What's Behind The Strife?

Recent labor-management confrontations have numerous and varied origins.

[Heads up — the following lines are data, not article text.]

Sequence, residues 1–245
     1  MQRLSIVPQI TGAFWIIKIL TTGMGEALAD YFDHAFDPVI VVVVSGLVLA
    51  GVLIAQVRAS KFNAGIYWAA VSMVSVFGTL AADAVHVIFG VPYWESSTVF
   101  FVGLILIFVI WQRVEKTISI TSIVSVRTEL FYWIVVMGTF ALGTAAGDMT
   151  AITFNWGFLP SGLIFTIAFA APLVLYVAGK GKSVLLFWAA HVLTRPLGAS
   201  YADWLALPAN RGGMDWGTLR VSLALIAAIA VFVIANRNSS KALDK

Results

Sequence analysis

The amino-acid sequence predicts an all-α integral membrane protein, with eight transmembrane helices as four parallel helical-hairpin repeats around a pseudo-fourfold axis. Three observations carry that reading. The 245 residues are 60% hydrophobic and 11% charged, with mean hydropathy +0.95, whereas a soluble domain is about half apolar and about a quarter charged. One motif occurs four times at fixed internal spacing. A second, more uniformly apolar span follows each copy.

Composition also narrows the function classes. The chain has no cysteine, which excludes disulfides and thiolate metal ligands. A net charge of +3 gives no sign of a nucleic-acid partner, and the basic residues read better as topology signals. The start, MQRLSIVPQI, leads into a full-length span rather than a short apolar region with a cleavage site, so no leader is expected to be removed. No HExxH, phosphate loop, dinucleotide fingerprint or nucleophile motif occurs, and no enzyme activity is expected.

It's almost impossible to pick up the newspaper or turn on the television anymore and not see an account of some type of hostile labor-management encounter. Since last summer, strikes, lockouts, and other labor-management confrontations involving highly visible, high-profile businesses have dominated the news more than at any other time this decade. There was the 54-day strike at General Motors Corp. last summer and the two-week strikes at U.S. West Inc. and Northwest Airlines Corp. Strikes at Kaiser Aluminum Corp. and Continental General Tire Inc. are into their fifth month. And there was the six-month lockout by the NBA of its players and the 11-week lockout by ABC of its 2,400 technicians, both of which ended last month. In TWA's headquarters city of St. Louis, the International Assn. of Machinists and Aerospace Workers rallied in November to demand that top management be removed because of its failure to return the airline to profitability. The United Food & Commercial Workers marched at Wal-Mart Stores Inc.'s headquarters in Bentonville, Ark., in December to protest the retailer's move into the supermarket business and, at the same time, continued to press allegations that many clothes the retailer labels as Made in the USA actually aren't. And in the last 16 months, unions have withdrawn more than $250 million in funds from the nation's seventh largest bank, Wells Fargo & Co., to protest its role in lending money to Oregon Steel Mills Inc. Wells Fargo saved the company's CF&I mill in Pueblo, Colo., from twice defaulting on its line of credit since the ongoing strike by 1,100 United Steel Workers of America (USWA) members began in October 1997. What's behind the resurgence in activism from organized labor when membership -- which fell from 16.4 million in 1996 to 16.1 million in 1997 -- now constitutes only 9.8% of the private-sector workforce? A major factor is the continuing global economic pressure that is causing companies to "forever be looking for one more place where they can do work more efficiently," says Richard Hurd, professor of labor studies at Cornell University, Ithaca, N.Y. And more often than not, he says, that leads companies to seek ways to "reduce their commitment to core workers" and make greater use of suppliers, contingent workers, subcontractors, and lower-paid workers around the world. Alan L. Rolnick, attorney in the Atlanta, Ga., office of Constangy, Brooks & Smith and special counsel to the American Apparel Manufacturers Assn., agrees. "All the major strikes of late are situations where the companies are saying: 'We can't survive globally without change.' Anywhere there is labor intensity, you will see a squeeze as companies ask themselves: Can we find another way to do the work more efficiently?" Another reason for the increased confrontations is that both unions and companies clearly are taking harder stances than in the past. "Corporate America is taking the opportunity -- since its profits are robust -- to exercise its leverage to the fullest extent possible to try to obtain the flexibility it needs in a global world," says Martin F. Payson, partner in the White Plains, N.Y., office of Jackson Lewis Schnitzler & Krupman. "Their attitude is: Be flexible with us or pay the price. And when unions resist, they are going to see themselves knocked around by the stiffening back of corporate America." A case in point: the current strike by more than 3,000 USWA workers at five Kaiser Aluminum plants in Louisiana, Washington, and Ohio. After a fruitless three-day bargaining session, Kaiser two weeks ago imposed a lockout on the striking workers in an effort to get them to accept the new work rules and end the strike which began Sept. 30. Kaiser's leverage? With the use of salaried personnel and replacement workers, each of the five plants has been meeting its business-plan production and shipment levels, with several plants setting new performance records. "We're really in very good shape operationally and we are prepared, if need be, to operate the plants indefinitely in this manner, though that is not our objective," says chairman and CEO George Haymaker. That new attitude among large corporations is also the reason there are nearly as many major lockouts as strikes. "Employers are using lockouts as a wedge to gain the upper hand whenever they foresee a confrontation," says Cornell's Hurd. That gives the company the leverage to deny the union the opportunity to choose the strike target or date. Indeed, that was the reason, he says, that Northwest took a stance that it knew might prompt its pilots to strike. Northwest management knew that because the pilots are its highest-paid union employees they would garner little public sympathy. That gave Northwest the ability to negotiate its toughest issues when it had the most leverage. Unions also believe that the current economic situation gives them their best opportunity to take a firm stance at the bargaining table. "Unions know they are in a state of siege [from management] and are telling themselves, 'If we don't increase our membership, we will lose our strength,'" says Rolnick. "They are telling companies: 'We know you need to cut costs, but not at the expense of my members.'" It's a point that union leaders such as USWA President George Becker and AFL-CIO President John Sweeney readily recognize. "There are two keys to our success or failure in rebuilding this labor movement -- one is organizing and one is politics," says Sweeney. "We cannot succeed at rebuilding our membership base without winning in politics, and we cannot win in politics without substantially increasing our numbers." Becker agrees: "Our ability to organize and grow the union bears directly on our effectiveness at the bargaining table." Thus, in an attempt to halt their shrinking presence in basic industries such as steel, autos, aerospace, and telecommunications and to expand into other sectors, unions have turned to more visible strikes. And there has been just enough of a shift in the economy to give them some added leverage in negotiations with companies. Unions believe -- global pressures notwithstanding -- that now is an ideal time to strike, because corporate profits have been at near-record highs and workforce shortages have reduced, in many cases, the ability of a company to hire replacement workers. "Management's trump card always was being able to hire replacement workers," says John Wymer, attorney with Powell, Goldstein, Frazer & Murphy LLP in Atlanta. "But with unemployment low and skilled workers even harder to find, it is almost impossible for companies to go out and hire replacement workers. There is no elasticity anymore for management because they can't even find enough qualified workers to do the work that they have" when there is not a strike situation. One exception: Continental General Tire Inc.'s facility in Charlotte did begin hiring replacements last month for some of its 1,450 workers who have been on strike since Sept. 20. What's more, says Wymer, "companies are posting extraordinary profits of 10% to 25%, making money hand-over-fist, and are in a position to be struck. "Ever since former President Ronald Reagan fired the air traffic controllers in 1981 and broke their union [the Professional Air Traffic Controllers Organization], unions had been afraid to strike," says Wymer, who always tells his clients to make as generous an offer to avoid a strike as they would to settle a strike. "But since the Teamsters' strike in late 1997 against United Parcel Service of America Inc. [UPS], the view in the labor movement is that they can win these things -- or at least get management to make some concessions." Indeed, GM this summer agreed to keep open several plants even though the plants were losing money. U.S. West, as part of the settlement that ended a 15-day strike this fall, agreed to remain neutral whenever the Communication Workers of America (CWA) tries to organize any of its nonunion operations. "Unions are not achieving great victories, but they are achieving little victories," says Wymer. "And, for the unions, that is critical and important, because they now feel that if they put enough pressure on companies, they can win." Still the question remains whether unions have made any significant gains -- except increased visibility -- from the clashes. "My sense is that it is less a symbol of any new strength in organized labor, but more a sign of fear that they will have even more membership shrinkage," says John Tysse, attorney with McGuiness & Williams in Washington. Edward E. Lawler III, director of the Center for Effective Organizations and professor of business management at the Marshall School of Business at the University of Southern California, agrees. "My sense is that, in frustration, some of the unions figure that strikes are their last weapon" to combat what he calls the "inevitable membership losses" that are going to occur in unionized workplaces in a global economy "since companies are going to have to continually do more with less." Besides, as Lawler astutely points out, unions that are based in a single country are at a disadvantage at the bargaining table. "National unions fighting global companies have no weapons to go into battle with." Unions are striking only because they lack options besides a strike and lack creativity in resolving workplace problems, he says. The same is true for business lockouts. "Other than getting publicity," says Lawler, "strikes in this entirely new competitive global environment appear to be lose-lose for everyone." The most glaring example: the UPS strike that publicity suggests the Teamsters won. "In the aftermath, it is lose-lose," says Lawler. "It didn't change the reality of the situation for the unions -- there still has been essentially no increase in the number of full-time workers, and UPS has yet to regain all of the four percentage points of market share it lost during the strike." In the GM strike last summer, GM lost $2.6 billion in profits and the United Auto Workers only won temporary reprieves on the closing of plants that are unprofitable. It failed to obtain an agreement on how 53,000 Delphi Automotive Systems workers who will spin off from GM this year and next will be compensated. In addition, the no-strike pledge that the union made for the Dayton brake plants where the strike began is already in jeopardy. And GM is now planning to replace some of its smaller-car plants with new plants that operate under less-restrictive work rules. Likewise, at U.S. West, says Lawler, the CWA obtained a neutrality agreement from the company with regard to its organizing attempts at nonunion operations -- but at a price. CWA members at U.S. West now can opt out of the union's standardized negotiated pay plan for a pay-for-performance plan U.S. West wanted to put in across the board. "Such a change in pay structure ultimately challenges the basis of unions," says Hurd, "which were originally formed to limit arbitrary actions by management." "These strikes are a last resort by unions," says Lawler. "And they are not working." Nevertheless, there is concern within the business community that union organizing efforts eventually will begin to bear fruit -- for two reasons: management complacency and targeted organizing with dramatically higher budgets. First, under Sweeney, who assumed the presidency of the AFL-CIO just over two years ago, the AFL-CIO has boosted its organizing budget from a paltry $2.5 million to $30 million in 1999. And several unions, most notably the USWA and CWA, are following suit in making organizing their top priority. The USWA has added a penny-per-hour-worked charge to its dues that will more than triple its organizing fund to $40 million in 1999. Likewise, the CWA will use 10% of its operating budget -- up from 3% -- for organizing this year. Sweeney also has persuaded different unions to band together to target specific areas, rather than fight with each other for new members. Their three current targets: the rural I-70 corridor between St. Louis and Kansas City where manufacturers have set up new operations; the Southwest, particularly Phoenix, where many high-tech companies are relocating or expanding operations; and Las Vegas because of its high concentration of construction activity, union-ripe casinos, and the 4,000 new residents who move to southern Nevada each month. "Sweeney is targeting industries and developing campaign messages around issues of fairness that are harder to attack," says attorney Stephen J. Cabot, chairman of the Labor Relations & Employment Law Dept. at Harvey, Pennington, Herting & Renneisen Ltd. in Philadelphia. "He is looking down the scope of his rifle and focusing on a single issue to try to show that the union cares and management doesn't. All the high-profile strikes are over the same issue -- fairness and caring -- but each with a different label, whether it be job security, fair treatment, or benefits for part-time workers." The second reason why business is worried about union organizing is that management complacency toward unions is so rampant. "Companies have lived a charmed life for the past 15 years and made the assumption that unionism can't happen at their workplace," says Payson. "You also have an entire generation of managers and supervisors with no experience whatsoever of being confronted by union organizing efforts and who are naive and, to a certain extent, insensitive to their own vulnerability to being organized." Cabot, a management attorney with a 34-year unblemished record of never losing a union representation election, agrees. "Companies have to recognize that there is this challenge out there. Unless management gets smart and puts in the building blocks to prevent this, unions will eat them for lunch and they will wake up one morning 18 months to two years from now and ask themselves what happened." What's the best way to create an environment where workers won't want to join a union? In the long run, it comes down to three basics: communication, involvement, and offering workers arbitration of disputes and grievance procedures so there is no need to turn to a union for such help, says Wymer. Where will all this new activism from both management and unions lead? No one knows, but two things seem certain. One, the new activism isn't going to go away. Two, even if unions have success in organizing, it will be an uphill battle for unions to increase the percentage of the private sector that they represent. "The only thing that you can predict is that things will get more confrontational," says Daniel Yager, legal counsel for McGuiness & Williams. "Whether unions will have more success is debatable." Wymer agrees. "The trends that we are talking about are going to continue. As long as unemployment stays low and skilled workers are hard to find, you can expect the unions to say, 'We are hitting the bricks unless you give us what we want.'" There will be a similar hard line within business ranks, says Payson. "Companies are aware of the new realities of the workplace and are not going to be pushed around anymore." And, because those two lines drawn in the sand don't cross, says Payson, "you will see a heightened militancy and an increase in the number of strikes," especially in industries that are labor-intensive, those that have been deregulated, and those where the work can be done elsewhere around the globe. Indeed, GM has had 25 strikes since 1990 and faces negotiations this spring on a new three-year contract. Labor issues also are sure to surface in telecommunications because of de-regulation, mergers, and global competition in that industry. "Only those unions that attempt to participate in the new realities of the global world will survive," says Payson. "The others are almost certainly destined for death row." But the strikes and confrontations notwithstanding, "the ultimate answer of the future strength of unions," suggests Cornell's Hurd, "will rest much more in the organizing arena than in these strikes that are currently going on." That is where the unions face their biggest battle. Even if unions can organize more than 70,000 workers annually -- their average in recent years -- it still will be hard for them to make major membership gains, says Cornell's Hurd, "unless they can figure out ways to take on whole industries, whole companies, and whole geographic regions." Even if they do make sizable membership gains, says Richard Rothstein, adjunct professor of public policy at Occidental College in Los Angeles and a research associate at the Economic Policy Institute in Washington, "it is still difficult to see how the waning of the union influence could be reversed." First, he says, the global economy, concession bargaining, deregulation, a neglect of organizing, and union reliance on rigid rules have dramatically reduced labor ranks in the last 20 years. Second, labor laws in the U.S. are stacked against organizing. A case in point: Even in the aftermath of an organizing victory, unions are able to negotiate a first contract just slightly more than 60% of the time. Third, just to retain their approximately 10% share of the private workforce today, unions would have to increase their organizing success between three- and fourfold to about 250,000 new members annually. (About 200,000 are needed to have the equivalent of 10% of the net gain of 2 million jobs the economy has been adding each year, and another 50,000 to compensate for the fact that a disproportionate number of jobs lost in an economic upheaval are in union firms, says Rothstein.) "The new leadership clearly is dedicated to organizing and their efforts may succeed in doubling, even tripling, their historical organizing success rate," says Rothstein. "But they will not match the organizing rates of the past. In the absence of significant reform of U.S. organizing laws, a revival of the union movement is unlikely." Constangy, Brooks' Rolnick is more blunt. "The real question is what can unions do to become relevant in an economy where pressure on the bottom line is forcing management to reduce costs. Unions are saying that top management is getting richer and the poor are getting poorer. But since the bargaining table is not amenable to quick change, unless unions reinvent themselves, they are irrelevant in a global economy."